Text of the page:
(NaturalNews) Women who rely on exercise to lose weight are destined to fail, so says a study that appears in the Journal of American Medical Association. Researchers found that exercise alone was useful in maintaining the weight for women, but it had no effect on heavier women.
The study analysed almost 35,000 women over a period of 15 years. The scientists found that for women whose BMI was less than 25 kg/m2, there was a clear dose-response correlation between activity levels and weight gain. It took one hour's moderate-intensity exercise each day to avoid the gaining of weight. Exercise did not, however, reduce weight and did not even maintain weight among women with a BMI from 25 to 29.9 kg/m2 or in those with a BMI of 30.0 kg/m2 or more. This was true regardless of how much exercise the participants did, with both exercise and nutritional interventions required to successfully reduce weight.
"Among women consuming a usual diet, physical activity was associated with less weight gain only among women whose BMI was lower than 25," said the study authors. "Women successful in maintaining normal weight and gaining fewer than 2.3 kg over 13 years averaged approximately 60 minutes a day of moderate-intensity activity throughout the study. These data suggest that the 2008 federal recommendation for 150 minutes per week, while clearly sufficient to lower the risks of chronic diseases, is insufficient for weight gain prevention absent caloric restriction."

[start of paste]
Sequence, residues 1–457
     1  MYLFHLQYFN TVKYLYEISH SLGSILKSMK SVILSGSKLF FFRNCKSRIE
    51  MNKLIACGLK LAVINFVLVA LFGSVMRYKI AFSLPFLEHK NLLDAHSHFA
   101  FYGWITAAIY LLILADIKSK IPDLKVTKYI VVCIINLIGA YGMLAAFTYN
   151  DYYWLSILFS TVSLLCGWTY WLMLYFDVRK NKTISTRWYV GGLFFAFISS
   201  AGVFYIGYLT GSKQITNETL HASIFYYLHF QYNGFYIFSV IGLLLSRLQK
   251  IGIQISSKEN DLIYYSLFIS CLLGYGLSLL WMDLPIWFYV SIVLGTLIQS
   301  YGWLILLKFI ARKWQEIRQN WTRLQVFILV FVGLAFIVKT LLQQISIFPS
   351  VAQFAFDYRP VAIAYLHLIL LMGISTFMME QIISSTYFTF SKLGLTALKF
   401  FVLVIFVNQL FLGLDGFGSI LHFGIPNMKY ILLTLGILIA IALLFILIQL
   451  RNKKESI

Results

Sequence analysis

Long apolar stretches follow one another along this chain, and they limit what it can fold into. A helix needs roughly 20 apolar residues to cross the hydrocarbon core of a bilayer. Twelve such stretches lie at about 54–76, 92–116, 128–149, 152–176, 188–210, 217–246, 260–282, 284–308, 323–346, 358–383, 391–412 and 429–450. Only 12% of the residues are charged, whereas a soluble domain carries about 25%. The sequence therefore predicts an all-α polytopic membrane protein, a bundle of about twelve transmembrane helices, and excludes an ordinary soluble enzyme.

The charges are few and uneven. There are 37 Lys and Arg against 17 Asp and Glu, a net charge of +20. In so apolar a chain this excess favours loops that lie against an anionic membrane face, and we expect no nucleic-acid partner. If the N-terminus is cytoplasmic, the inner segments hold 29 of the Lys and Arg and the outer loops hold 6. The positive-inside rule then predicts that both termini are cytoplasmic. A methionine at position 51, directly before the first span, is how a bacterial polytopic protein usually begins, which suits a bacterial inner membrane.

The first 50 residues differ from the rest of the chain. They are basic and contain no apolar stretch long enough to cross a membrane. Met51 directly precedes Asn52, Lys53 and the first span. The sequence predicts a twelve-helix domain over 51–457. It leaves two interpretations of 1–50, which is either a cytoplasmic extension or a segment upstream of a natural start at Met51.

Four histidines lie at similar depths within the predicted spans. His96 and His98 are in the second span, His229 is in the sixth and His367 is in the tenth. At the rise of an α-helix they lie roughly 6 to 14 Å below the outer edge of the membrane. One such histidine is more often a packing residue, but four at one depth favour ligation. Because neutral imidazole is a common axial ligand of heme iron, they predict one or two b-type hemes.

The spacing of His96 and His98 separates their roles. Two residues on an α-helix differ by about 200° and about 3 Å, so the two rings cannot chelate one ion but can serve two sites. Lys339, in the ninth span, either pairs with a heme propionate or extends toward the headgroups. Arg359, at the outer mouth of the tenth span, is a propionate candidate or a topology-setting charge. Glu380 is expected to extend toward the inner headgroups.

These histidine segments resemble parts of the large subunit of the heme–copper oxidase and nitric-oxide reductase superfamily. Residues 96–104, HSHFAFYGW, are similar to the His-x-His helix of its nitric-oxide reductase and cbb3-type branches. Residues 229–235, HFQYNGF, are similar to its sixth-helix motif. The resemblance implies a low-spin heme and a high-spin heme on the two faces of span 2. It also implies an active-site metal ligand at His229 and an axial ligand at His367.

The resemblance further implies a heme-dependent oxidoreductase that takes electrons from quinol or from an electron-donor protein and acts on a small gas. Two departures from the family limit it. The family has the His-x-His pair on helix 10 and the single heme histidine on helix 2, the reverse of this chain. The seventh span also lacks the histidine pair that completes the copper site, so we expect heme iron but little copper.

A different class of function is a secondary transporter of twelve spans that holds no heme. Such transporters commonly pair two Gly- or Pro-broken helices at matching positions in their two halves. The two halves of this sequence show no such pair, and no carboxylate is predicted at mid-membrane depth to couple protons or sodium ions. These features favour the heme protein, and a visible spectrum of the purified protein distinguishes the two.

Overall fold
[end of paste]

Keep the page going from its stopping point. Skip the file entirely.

The findings, while far from providing an answer to Western society's battle of the bulge, act as confirmation of what many observers have known for a long time: more sweat on the treadmill does not necessarily equate a smaller waistline. Conclusions that exercise has little effect on weight loss are also premature, as the study did not make any distinction between aerobic exercise, which can inhibit weight loss through increased cortisol release, and resistance training, a preferred option for many personal trainers in improving body composition.
More than anything, the study backs the importance of a nutritional program in any efforts relating to bodyweight management. Women who wish to lose weight should work smart by addressing their nutritional needs before adding exercise related to their goal. Working smart, it appears, is highly preferable to working hard.
Gettman, L. R., & Pollock, M. L. (1981). Circuit weight training: A critical review of its physiological benefits. The Physician and Sportsmedicine, 9(1), 44-60.
About the author
Marek Doyle is a London personal trainer, nutritionist and the pioneer of the Combined Allergy Test, with locations serving Kensington, Chelsea, West London and Basingstoke. Marek runs Blueprint Fitness, edits theAdrenal Fatigue Focus website and has been recognised as one of the top three trainers in the country and counts world champion athletes, models and TV celebrities amongst his clientele.